Add like
Add dislike
Add to saved papers

Genome-Wide Association Studies for Albuminuria of non-Diabetic Taiwanese Population.

Background Chronic renal disease (CKD), defined by reduced estimated glomerular filtration rate (eGFR) and albuminuria, imposes huge health burden worldwide. Ethnicity-specific associations were frequently observed in genome-wide association studies (GWAS). In this research, we conducted GWAS of albuminuria in the non-diabetic population of Taiwan. Subjects and Methods Non-diabetic individuals aged 30 to 70 years and without cancer history were enrolled from the Taiwan Biobank. A total of 6,768 subjects received spot urine examination. After quality control with PLINK and imputation with SHAPEIT and IMPUTE2, a total of 3,638,350 single nucleotide polymorphisms (SNPs) remained for testing. SNPs with minor allele frequency low than 0.1% were excluded. We applied linear regression for analyzing associations between SNPs and log UACR. Results We identified six loci in or near the FCRL3 (P = 2.56 × 10-6), TMEM161(P = 4.43 × 10-6), EFCAB1 (P = 2.03 × 10-6), ELMOD1 (P = 2.97 × 10-6), RYR3 (P = 1.34 × 10-6), and PIEZO2 (P = 2.19 × 10-7) as candidate. Genetic variants in the FCRL3 gene that encodes a secretory IgA receptor were found to be associated with IgA nephropathy, which might manifest proteinuria. The PIEZO2 gene encodes a sensor for mechanical forces in mesangial cells and renin-producing cells. Conclusion We identified five new loci and one known suggestive loci for albuminuria in the non-diabetic Taiwanese population.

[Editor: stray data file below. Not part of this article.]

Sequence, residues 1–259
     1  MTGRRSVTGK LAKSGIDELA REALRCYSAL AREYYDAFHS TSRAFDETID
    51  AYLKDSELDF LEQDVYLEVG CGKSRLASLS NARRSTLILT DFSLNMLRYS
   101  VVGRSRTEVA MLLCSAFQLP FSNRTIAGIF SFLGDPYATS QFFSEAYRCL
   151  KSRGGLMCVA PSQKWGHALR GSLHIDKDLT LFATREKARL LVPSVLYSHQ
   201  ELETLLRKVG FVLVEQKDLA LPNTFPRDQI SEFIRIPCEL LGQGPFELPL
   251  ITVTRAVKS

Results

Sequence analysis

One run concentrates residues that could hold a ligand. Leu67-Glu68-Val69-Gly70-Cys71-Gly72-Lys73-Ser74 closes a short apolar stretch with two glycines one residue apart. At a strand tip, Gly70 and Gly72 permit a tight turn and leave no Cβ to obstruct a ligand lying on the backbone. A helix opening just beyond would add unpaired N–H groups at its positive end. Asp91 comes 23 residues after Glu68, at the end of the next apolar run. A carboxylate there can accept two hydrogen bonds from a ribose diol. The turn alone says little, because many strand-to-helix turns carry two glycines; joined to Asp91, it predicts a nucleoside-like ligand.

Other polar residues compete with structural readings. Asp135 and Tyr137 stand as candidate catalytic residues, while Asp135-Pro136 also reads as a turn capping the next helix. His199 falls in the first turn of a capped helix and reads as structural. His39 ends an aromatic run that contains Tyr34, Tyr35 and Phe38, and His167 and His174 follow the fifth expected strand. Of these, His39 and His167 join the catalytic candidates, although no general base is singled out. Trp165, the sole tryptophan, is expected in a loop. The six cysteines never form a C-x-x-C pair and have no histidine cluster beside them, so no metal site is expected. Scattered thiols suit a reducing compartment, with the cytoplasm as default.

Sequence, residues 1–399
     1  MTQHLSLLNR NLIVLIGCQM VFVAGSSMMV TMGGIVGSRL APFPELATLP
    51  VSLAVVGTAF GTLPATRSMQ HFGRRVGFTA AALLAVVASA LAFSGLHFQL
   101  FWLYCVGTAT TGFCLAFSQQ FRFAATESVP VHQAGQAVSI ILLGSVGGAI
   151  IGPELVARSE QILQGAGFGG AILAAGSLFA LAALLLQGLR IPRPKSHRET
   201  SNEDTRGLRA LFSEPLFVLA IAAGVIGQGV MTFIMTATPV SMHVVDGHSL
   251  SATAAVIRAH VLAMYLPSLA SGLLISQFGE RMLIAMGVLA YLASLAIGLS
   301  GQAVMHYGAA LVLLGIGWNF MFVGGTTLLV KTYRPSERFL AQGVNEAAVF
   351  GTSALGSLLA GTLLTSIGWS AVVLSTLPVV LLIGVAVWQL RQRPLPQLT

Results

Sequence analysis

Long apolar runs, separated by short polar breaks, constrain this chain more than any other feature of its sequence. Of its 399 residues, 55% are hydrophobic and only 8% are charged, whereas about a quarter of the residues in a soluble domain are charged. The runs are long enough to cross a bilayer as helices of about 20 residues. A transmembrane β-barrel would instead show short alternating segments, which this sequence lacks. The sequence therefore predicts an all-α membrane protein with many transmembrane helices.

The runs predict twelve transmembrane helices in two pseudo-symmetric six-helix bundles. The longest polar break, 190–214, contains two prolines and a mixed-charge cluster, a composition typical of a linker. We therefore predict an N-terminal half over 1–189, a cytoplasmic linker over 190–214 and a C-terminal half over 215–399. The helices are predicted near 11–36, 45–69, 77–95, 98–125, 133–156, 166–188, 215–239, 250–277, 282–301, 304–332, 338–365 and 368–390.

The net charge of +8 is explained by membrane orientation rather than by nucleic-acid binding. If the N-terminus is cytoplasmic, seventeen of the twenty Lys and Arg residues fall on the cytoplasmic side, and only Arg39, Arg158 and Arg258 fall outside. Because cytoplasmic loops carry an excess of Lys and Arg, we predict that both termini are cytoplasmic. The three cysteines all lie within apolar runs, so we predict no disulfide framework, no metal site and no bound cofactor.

Full text links

We have located links that may give you full text access.
Can't access the paper?
Try logging in through your university/institutional subscription. For a smoother one-click institutional access experience, please use our mobile app.

For the best experience, use the Read mobile app

Mobile app image

Get seemless 1-tap access through your institution/university

For the best experience, use the Read mobile app

All material on this website is protected by copyright, Copyright © 1994-2024 by WebMD LLC.
This website also contains material copyrighted by 3rd parties.

By using this service, you agree to our terms of use and privacy policy.

Your Privacy Choices Toggle icon

You can now claim free CME credits for this literature searchClaim now

Get seemless 1-tap access through your institution/university

For the best experience, use the Read mobile app